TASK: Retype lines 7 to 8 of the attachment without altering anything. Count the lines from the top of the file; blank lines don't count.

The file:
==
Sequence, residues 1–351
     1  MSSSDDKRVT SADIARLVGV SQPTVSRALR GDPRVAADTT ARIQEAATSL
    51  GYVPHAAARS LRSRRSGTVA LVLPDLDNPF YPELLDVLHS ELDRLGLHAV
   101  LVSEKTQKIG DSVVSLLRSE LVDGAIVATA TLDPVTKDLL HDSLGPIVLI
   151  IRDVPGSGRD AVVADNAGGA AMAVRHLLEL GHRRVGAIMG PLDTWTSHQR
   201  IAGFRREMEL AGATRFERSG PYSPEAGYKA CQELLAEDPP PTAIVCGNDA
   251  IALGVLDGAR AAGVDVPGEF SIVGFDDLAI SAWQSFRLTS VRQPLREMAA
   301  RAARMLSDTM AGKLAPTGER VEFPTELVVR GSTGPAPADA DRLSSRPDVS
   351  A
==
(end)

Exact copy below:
   251  IALGVLDGAR AAGVDVPGEF SIVGFDDLAI SAWQSFRLTS VRQPLREMAA
   301  RAARMLSDTM AGKLAPTGER VEFPTELVVR GSTGPAPADA DRLSSRPDVS